In recent times, the topic of migration has had a key role within media coverage of the US elections, particularly the case of Mexicans in the US. In this media frenzy, the anti-immigrant narrative has gained considerable significance, emphasizing the allegedly undocumented status of all this population, as well as their never-ending mobile character. While this narrative has gained considerable support among the public, much less attention has been paid to the opinions of sociologists and other scholars who have emphasized not only the contributions of Mexican immigrants to American economy and society, but also the sometimes subtle, sometimes invisible efforts carried out by them to integrate into this nation. This book aims to document the experience of many of these immigrants in the Los Angeles metropolitan area, a key destination point for millions of immigrants from all over the world, as well as to examine and explain the different ways in which this integration takes place.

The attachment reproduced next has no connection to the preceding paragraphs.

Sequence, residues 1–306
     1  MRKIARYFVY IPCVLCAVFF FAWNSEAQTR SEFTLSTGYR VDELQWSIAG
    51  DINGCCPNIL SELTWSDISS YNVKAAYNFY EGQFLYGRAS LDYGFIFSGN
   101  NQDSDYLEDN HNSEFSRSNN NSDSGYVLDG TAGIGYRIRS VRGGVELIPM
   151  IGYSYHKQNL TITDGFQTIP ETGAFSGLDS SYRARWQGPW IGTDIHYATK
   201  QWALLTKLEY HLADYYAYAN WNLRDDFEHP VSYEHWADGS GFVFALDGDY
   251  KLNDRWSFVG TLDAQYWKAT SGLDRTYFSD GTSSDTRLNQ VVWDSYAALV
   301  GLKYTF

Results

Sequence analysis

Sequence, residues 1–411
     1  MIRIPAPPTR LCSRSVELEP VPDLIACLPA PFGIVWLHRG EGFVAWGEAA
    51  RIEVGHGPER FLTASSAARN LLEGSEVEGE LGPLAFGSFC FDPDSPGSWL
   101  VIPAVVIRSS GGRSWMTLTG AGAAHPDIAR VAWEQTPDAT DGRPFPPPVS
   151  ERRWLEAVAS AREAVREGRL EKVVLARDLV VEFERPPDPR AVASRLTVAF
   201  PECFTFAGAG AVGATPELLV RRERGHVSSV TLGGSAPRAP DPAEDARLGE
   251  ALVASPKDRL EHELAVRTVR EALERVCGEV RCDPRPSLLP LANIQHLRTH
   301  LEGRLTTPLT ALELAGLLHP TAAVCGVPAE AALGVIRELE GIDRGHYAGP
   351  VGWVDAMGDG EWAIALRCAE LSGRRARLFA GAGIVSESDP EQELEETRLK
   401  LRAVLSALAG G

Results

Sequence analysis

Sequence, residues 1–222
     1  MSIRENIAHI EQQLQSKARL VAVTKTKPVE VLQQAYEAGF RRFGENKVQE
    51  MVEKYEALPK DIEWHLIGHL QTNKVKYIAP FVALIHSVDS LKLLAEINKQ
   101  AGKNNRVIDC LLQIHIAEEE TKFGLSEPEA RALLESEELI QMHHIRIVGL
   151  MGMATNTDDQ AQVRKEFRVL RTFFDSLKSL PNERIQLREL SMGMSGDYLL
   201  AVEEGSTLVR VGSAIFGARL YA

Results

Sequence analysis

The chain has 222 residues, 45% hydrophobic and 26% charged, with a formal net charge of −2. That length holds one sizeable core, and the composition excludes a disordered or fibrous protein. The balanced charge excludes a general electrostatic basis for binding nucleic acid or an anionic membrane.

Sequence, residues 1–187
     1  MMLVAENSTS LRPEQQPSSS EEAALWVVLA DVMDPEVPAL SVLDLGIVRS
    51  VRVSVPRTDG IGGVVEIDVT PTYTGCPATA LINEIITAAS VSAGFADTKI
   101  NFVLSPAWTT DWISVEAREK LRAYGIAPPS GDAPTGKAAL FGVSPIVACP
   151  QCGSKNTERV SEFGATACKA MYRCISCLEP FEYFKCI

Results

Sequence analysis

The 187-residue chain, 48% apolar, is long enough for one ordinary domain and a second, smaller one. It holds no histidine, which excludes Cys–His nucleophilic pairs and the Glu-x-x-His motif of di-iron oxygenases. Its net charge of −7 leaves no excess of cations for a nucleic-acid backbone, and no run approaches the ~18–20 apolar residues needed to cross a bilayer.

For the authors, this experience involved multiple complexities that were beyond the traditional approaches on immigrant integration at hand, which led them to analytically split this concept into four different dimensions (economic, social, political, and cultural integrations), aiming to highlight the different traits and paces they involved among Mexicans in the LA region. By the same token, given that immigrant integration involves a process, we considered in our study not one but three different cohorts of Mexican immigrants, from three different regions of origin, whose arrival in LA took place at different times, thus facing different circumstances throughout the Angeleno history during the second half of the twentieth century. In addition, as Mexican scholars who work and live at the Mexican city of Tijuana, in between the American and Mexican Californias, we were aware of the multiple ties these migrants kept with their region and nation of origin, an aspect that definitely shaped their integration experiences.